Judge Amos Mazzant, the President Obama-appointed federal judge sitting in the U.S. District Court for the Eastern District of Texas, issued a decision on November 22, 2016, granting an emergency injunction against the United States Labor Department’s overtime rule. The rule, previously set to take effect Dec. 1, doubles (to $47,476) the salary threshold for employees to be considered exempt for overtime pay when they work more than 40 hours in a given week.
The Plaintiffs — business groups and twenty one states suing over the rule, led by the U.S. Chamber of Commerce — argued that the amount of the DOL’s mandated increase in the salary violated the federal Fair Labor Standards Act.
Judge Mazzant accepted the argument of the plaintiff states and business groups that Congress did not authorize the Department of Labor to set a minimum salary threshold for the white collar (or “EAP”) exemptions. He found that the terms “executive,” “administrative,” and “professional” have plain meanings that relate to the duties and functions such employees perform, and that are not related to any minimum salary level. And he rejected the Department of Labor’s contention that its authority – specifically granted by Congress – to “define and delimit” those terms carried with it the power to set a salary floor.
The judge recognized that the Department first required that exempt EAP employees be paid on a salary basis in 1940, and that the minimum salary threshold first appeared in the regulations in 1949. He acknowledged that the regulations – or at least various aspects of them – have been upheld in several cases at the Supreme Court and the Fifth Circuit Court of Appeals. (The U.S. District Court in Texas, where Judge Mazzant sits, is part of the Fifth Circuit.) But he found that the Department’s authority to set the salary threshold for the EAP exemptions had never been directly challenged, so the prior rulings were not dispositive of that question.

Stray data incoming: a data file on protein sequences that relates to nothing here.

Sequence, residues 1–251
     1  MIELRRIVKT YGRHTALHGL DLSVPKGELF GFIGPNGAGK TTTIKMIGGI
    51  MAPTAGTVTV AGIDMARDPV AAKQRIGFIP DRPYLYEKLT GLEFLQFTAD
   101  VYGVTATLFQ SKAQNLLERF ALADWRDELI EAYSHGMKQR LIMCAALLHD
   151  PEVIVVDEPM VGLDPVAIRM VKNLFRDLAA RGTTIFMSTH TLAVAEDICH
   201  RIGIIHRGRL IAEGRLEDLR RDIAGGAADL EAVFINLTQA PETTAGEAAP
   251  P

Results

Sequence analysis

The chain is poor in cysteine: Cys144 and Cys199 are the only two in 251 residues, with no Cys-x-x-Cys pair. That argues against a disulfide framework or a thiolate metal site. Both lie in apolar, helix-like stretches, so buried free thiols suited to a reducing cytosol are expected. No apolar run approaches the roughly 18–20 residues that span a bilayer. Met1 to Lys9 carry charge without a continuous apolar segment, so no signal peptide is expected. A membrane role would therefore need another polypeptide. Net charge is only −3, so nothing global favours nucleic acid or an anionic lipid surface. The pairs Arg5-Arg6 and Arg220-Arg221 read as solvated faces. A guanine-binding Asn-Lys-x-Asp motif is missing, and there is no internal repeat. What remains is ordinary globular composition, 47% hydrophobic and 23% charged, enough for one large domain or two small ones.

Finally, Judge Mazzant determined that a nationwide injunction is appropriate, rather than an injunction confined to the plaintiff states. He concluded that the public interest would be served by an injunction, since if his decision is overruled the implementation of the new rule will merely be delayed, while the absence of an injunction would cause irreparable harm to the states if the rule were to go into effect on December 1 as planned.
What is the likely impact of this decision? It seems probable that the Department of Labor will appeal. But the Fifth Circuit, which would hear the appeal, has not been a friendly forum for the Obama administration’s regulatory initiatives. Moreover, with the change in administrations coming in January, the new leadership of the DOL may very well choose not to fight this decision. That would mean the old regulations would remain in place for the foreseeable future. But even the old regulations may now be challenged on the ground that the DOL had no authority to set a minimum salary level. There is sure to be some jockeying in Congress, as both Democrats and Republicans may want to be seen to do something for workers who would have benefited from some increase in the salary threshold. Stay tuned….
Our previous discussion on the proposed overtime rule can be found here.